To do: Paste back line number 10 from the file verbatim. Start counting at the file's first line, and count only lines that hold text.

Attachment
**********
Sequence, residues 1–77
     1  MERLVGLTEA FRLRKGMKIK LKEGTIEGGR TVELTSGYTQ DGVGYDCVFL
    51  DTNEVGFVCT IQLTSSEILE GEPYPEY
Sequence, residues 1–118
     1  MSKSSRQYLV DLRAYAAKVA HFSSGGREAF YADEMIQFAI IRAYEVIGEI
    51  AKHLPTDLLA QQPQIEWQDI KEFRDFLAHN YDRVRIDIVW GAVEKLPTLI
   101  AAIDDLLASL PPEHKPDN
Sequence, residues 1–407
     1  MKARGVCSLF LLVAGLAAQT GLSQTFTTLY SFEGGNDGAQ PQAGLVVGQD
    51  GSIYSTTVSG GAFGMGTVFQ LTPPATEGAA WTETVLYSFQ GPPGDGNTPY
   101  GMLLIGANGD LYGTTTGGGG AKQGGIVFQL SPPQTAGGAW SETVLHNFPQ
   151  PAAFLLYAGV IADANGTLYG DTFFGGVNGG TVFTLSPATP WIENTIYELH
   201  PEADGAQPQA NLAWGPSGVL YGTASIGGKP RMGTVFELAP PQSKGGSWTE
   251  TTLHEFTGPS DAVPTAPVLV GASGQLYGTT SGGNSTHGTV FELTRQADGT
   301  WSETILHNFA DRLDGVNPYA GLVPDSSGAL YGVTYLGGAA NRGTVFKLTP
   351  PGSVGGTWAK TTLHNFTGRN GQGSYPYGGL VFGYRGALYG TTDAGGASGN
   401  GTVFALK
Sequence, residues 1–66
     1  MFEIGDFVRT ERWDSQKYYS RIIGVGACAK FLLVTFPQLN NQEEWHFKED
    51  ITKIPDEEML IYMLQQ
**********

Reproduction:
    51  GSIYSTTVSG GAFGMGTVFQ LTPPATEGAA WTETVLYSFQ GPPGDGNTPY